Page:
Private Confederacies: The Emotional Worlds of Southern Men as Citizens and Soldiers, James Broomall, 240 pp., University of North Carolina Press, 5 illustrations, bibliographic notes, bibliography, index. Hardcover $90.00; Paperback, $29.95.
From The Publisher: How did the Civil War, emancipation, and Reconstruction shape the
masculinity of white Confederate veterans? As James J. Broomall shows,
the crisis of the war forced a reconfiguration of the emotional worlds
of the men who took up arms for the South. Raised in an antebellum
culture that demanded restraint and shaped white men to embrace
self-reliant masculinity, Confederate soldiers lived and fought within
military units where they experienced the traumatic strain of combat and
its privations together--all the while being separated from suffering
Military service provoked changes that escalated with the end
of slavery and the Confederacy's military defeat. Returning to civilian
life, Southern veterans questioned themselves as never before, sometimes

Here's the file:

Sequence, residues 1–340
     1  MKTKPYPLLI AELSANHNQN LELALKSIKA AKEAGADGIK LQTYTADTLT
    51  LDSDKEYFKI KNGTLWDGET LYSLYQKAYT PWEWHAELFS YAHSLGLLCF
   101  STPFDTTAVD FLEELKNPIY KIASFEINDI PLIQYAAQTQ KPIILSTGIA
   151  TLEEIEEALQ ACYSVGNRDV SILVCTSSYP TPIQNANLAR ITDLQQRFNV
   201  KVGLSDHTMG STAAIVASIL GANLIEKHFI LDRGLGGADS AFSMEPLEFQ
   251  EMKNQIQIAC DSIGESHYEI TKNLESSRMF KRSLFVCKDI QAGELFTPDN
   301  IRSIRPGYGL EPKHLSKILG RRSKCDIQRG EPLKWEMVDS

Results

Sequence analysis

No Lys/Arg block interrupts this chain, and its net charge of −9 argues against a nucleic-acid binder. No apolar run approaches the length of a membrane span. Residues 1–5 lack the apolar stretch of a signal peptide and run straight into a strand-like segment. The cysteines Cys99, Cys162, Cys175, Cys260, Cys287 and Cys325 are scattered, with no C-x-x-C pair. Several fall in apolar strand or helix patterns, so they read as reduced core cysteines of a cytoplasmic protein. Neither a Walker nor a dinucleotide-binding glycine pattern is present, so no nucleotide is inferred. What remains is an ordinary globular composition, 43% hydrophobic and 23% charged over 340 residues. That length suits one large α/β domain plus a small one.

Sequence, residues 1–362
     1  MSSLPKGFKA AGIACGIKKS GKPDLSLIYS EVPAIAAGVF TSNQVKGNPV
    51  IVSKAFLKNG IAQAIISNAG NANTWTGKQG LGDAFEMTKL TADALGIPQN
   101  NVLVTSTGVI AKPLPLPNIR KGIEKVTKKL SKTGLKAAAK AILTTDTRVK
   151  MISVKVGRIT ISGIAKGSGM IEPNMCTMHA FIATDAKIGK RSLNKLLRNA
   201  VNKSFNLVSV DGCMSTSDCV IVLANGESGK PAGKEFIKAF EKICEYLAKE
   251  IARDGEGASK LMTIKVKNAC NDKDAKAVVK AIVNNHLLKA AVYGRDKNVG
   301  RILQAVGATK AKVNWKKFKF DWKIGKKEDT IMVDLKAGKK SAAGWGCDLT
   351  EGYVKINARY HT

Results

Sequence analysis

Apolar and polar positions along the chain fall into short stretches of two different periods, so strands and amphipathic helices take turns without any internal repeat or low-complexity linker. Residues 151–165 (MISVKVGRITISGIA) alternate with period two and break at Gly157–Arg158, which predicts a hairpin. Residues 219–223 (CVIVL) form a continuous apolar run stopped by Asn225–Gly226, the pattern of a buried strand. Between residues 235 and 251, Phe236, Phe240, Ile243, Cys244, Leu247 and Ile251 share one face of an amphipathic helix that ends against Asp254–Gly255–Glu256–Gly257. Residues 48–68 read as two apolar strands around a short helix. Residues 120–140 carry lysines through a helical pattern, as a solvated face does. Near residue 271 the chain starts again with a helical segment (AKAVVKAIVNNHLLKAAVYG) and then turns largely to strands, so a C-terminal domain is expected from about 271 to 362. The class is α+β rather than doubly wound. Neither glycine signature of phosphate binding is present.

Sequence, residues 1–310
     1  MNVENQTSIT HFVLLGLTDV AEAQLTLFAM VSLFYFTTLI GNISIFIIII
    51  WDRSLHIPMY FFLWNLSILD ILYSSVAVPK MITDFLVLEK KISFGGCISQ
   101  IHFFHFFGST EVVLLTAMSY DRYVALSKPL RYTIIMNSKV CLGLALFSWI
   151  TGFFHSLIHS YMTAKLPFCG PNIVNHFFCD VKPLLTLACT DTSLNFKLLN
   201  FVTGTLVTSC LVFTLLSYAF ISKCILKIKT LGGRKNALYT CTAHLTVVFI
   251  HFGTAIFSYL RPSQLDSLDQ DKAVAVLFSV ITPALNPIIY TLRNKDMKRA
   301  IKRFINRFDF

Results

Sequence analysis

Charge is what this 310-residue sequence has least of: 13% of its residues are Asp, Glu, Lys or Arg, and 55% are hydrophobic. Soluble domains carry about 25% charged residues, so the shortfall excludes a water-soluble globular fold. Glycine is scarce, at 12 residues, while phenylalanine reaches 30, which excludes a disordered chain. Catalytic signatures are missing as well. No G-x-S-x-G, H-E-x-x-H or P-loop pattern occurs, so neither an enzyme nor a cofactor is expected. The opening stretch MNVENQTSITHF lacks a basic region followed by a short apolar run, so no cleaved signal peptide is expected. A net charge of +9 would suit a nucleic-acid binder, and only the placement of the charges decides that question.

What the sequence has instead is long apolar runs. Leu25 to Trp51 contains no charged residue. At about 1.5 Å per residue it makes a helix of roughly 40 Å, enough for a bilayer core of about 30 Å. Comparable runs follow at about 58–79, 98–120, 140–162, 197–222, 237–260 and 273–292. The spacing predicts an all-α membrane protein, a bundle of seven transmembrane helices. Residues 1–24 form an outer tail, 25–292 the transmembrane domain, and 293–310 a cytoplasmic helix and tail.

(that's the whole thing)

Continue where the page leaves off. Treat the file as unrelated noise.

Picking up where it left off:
suffering from terrible self-doubt. Drawing on personal
letters and diaries, Broomall argues that the crisis of defeat
ultimately necessitated new forms of expression between veterans and
among men and women. On the one hand, war led men to express levels of
emotionality and vulnerability previously assumed the domain of women.
On the other hand, these men also embraced a virulent, martial
masculinity that they wielded during Reconstruction and beyond to
suppress freed peoples and restore white rule through paramilitary
organizations and the Ku Klux Klan.
James J. Broomall is assistant professor of history at Shepherd
University and director of the George Tyler Moore Center for the Study
of the Civil War.
Tuesday, February 19, 2019
Forthcoming: Southern Citizen Soldiers and How They Felt During the War and Reconstruction
Posted by Rea Andrew Redd at 3:24 PM
Labels: Confederate Soldiers, Confederate Veterans
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